Image by Lara Mukahirn.Over at The Molecular Ecologist I've done an in-depth review of the population genetics data cited by Nicholas Wade in his book A Troublesome Inheritance, which argues that social, cultural, and economic differences between human populations are all in our genes. Digging into the book's endnotes, it didn't take me long to find discrepancies between Wade's description of basic population genetic results and the actual, um, results.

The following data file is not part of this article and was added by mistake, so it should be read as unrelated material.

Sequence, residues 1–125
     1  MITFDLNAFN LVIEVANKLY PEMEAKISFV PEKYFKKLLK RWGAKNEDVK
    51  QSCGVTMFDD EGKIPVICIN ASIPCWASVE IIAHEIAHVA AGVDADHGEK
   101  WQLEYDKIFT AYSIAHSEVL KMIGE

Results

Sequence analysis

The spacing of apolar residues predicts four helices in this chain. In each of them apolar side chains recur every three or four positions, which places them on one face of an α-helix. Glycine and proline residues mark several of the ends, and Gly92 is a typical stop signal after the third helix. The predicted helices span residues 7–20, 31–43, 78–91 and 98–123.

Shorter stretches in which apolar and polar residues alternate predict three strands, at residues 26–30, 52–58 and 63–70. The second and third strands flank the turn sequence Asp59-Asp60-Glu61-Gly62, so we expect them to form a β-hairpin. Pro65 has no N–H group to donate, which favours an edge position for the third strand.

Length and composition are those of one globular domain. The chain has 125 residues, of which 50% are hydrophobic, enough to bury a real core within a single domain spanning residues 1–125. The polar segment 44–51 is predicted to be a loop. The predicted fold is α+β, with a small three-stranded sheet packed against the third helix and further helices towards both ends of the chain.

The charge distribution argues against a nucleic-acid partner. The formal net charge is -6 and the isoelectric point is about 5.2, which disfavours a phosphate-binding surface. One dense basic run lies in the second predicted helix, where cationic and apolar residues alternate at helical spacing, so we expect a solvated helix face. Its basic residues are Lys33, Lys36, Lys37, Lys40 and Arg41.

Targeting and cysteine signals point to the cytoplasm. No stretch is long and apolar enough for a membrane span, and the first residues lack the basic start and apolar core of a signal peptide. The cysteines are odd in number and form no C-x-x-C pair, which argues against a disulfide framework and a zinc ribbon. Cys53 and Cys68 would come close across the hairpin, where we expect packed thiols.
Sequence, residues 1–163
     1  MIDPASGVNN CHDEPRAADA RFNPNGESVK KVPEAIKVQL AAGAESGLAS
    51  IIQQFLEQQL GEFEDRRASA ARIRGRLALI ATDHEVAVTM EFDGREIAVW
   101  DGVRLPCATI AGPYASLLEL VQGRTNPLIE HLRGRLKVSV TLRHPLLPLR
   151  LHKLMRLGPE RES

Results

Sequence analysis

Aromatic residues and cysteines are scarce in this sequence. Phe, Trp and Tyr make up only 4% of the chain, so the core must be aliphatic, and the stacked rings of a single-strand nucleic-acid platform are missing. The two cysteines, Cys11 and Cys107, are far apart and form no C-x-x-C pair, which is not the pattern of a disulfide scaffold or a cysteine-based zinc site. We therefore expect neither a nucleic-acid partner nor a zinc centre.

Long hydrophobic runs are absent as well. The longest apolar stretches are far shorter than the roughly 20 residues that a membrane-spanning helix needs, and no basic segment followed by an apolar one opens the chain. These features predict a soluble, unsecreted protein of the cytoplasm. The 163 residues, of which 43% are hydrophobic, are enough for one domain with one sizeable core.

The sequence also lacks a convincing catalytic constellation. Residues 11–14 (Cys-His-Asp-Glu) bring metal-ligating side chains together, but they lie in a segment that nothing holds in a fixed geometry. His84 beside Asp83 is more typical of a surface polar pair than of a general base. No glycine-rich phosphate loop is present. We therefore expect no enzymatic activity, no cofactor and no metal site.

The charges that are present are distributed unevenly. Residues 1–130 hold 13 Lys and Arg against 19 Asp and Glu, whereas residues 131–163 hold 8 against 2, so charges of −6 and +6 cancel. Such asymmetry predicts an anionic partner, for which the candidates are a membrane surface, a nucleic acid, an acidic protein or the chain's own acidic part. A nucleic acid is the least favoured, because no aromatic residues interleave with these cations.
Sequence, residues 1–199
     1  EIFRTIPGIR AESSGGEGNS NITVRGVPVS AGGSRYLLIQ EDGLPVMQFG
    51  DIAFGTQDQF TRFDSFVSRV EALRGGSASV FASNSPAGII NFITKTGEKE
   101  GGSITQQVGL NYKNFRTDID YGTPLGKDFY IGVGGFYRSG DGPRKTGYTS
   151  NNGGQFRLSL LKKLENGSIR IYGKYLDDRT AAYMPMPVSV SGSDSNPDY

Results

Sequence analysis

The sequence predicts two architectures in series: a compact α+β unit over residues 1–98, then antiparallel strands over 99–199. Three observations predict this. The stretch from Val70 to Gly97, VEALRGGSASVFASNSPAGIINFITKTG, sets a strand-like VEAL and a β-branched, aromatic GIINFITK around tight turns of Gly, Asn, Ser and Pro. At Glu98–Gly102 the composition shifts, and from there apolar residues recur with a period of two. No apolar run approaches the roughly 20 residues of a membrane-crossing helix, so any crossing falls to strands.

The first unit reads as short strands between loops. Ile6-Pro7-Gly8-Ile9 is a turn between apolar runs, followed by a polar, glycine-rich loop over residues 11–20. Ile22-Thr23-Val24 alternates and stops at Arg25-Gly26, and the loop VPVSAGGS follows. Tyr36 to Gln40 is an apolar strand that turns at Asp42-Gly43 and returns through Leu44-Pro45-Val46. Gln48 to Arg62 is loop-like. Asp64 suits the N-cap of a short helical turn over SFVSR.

First and foremost, Wade claims that when population geneticists apply a class of statistical methods called clustering algorithms to datasets containing hundreds or thousands of genetic markers, they objectively identify five geographic groups that he calls “continental races”—differentiating African, European/Middle Eastern/South Asian, East Asian, Oceanian, and American people. What he does not make particularly clear is that while clustering methods do group genetic samples without direct instructions, the algorithms do not decide how many clusters there are. The geneticists using them do.
To make me feel somewhat better for having paid actual money to read this book, go read my whole review.◼